College professors and administrators use “trigger warnings” to warn students about material that may upset them, such as depictions of rape and violence. The American public has had some version of these warnings for decades, most recognizably as movie or video game ratings.
But in recent years, students have been receiving trigger warnings on a new range of material, including classical literature such as Ovid’s “Metamorphoses” because of a passage about the Greek goddess Persephone’s rape.
A new study from Harvard University psychologists, published in the Journal of Behavior Therapy and Experimental Psychiatry, found that such an overuse of trigger warnings can actually be harmful to those who are exposed to them.
Psychologists Benjamin Bellet, Payton Jones, and Richard McNally took 270 American research subjects and divided them into two groups. One group was given a “trigger warning” before reading each of 10 passages from classic literature, where five of those pieces contained explicit material such as descriptions of murder.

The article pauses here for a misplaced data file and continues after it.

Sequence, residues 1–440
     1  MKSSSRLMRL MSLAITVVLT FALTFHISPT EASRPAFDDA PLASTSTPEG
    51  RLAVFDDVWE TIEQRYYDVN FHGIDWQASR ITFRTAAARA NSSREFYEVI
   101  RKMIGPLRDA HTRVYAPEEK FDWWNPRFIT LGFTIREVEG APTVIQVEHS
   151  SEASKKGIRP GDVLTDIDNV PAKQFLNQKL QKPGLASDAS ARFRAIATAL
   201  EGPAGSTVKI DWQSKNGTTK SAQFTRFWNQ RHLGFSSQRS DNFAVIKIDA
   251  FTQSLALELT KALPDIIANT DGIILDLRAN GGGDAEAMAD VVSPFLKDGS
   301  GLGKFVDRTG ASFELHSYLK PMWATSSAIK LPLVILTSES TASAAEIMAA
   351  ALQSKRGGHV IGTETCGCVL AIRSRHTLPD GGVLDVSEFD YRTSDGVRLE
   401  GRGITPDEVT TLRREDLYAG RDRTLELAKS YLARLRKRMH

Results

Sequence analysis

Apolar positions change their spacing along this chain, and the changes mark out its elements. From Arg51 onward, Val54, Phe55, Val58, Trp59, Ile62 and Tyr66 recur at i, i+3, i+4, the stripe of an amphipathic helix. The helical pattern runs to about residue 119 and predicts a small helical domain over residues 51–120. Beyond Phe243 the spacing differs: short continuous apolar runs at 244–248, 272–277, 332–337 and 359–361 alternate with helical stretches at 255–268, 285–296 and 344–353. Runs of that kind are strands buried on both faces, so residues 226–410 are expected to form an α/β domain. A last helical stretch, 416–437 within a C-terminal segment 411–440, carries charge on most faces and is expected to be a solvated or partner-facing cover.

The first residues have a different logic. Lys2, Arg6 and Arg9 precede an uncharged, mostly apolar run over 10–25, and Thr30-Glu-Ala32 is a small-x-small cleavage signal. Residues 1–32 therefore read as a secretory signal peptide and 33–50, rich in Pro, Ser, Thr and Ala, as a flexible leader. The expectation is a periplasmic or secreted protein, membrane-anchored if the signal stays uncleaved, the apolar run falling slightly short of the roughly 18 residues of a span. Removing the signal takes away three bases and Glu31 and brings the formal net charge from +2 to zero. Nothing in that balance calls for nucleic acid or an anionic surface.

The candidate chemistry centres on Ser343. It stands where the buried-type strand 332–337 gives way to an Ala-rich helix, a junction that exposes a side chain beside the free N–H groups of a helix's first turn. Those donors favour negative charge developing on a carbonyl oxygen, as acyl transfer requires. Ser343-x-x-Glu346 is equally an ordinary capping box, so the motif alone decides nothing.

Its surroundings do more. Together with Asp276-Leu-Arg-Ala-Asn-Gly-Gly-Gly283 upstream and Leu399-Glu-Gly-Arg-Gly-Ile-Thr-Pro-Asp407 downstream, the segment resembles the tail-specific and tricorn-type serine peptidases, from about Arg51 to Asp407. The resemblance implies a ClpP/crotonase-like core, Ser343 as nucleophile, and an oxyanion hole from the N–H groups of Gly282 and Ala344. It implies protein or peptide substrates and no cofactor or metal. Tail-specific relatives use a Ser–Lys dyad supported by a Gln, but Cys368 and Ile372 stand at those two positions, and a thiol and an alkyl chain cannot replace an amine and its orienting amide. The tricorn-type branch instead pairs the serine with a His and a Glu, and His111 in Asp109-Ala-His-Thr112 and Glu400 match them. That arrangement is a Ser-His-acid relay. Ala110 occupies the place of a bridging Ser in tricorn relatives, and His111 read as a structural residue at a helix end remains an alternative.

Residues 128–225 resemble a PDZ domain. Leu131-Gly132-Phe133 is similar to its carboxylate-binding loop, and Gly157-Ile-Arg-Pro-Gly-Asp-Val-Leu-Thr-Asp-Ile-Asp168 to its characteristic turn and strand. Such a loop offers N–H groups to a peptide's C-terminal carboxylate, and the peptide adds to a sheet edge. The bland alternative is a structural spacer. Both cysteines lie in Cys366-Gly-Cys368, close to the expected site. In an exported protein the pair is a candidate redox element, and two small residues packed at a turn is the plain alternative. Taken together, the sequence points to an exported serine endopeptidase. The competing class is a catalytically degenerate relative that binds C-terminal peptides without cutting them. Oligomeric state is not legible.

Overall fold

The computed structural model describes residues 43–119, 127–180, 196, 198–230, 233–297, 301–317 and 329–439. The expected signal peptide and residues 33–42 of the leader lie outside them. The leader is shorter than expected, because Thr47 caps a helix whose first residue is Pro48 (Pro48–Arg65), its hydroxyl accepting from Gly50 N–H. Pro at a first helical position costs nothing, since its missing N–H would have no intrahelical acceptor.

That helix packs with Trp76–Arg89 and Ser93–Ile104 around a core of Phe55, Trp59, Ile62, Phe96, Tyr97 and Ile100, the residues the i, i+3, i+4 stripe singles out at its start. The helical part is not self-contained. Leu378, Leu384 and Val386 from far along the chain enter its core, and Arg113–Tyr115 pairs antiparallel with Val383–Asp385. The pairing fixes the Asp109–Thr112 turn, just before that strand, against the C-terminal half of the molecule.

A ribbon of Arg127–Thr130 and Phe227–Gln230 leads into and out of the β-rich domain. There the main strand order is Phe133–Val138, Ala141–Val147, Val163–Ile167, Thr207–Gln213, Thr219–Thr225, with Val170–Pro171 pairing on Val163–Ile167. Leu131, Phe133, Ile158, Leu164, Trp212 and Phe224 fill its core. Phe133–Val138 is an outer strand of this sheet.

The “trigger warning” group proved far more likely to suggest passages containing distressful language would cause themselves and others emotional distress had they experienced trauma.
Social psychologist Craig Harper wrote at Medium that the results of this study could have far-reaching cultural effects.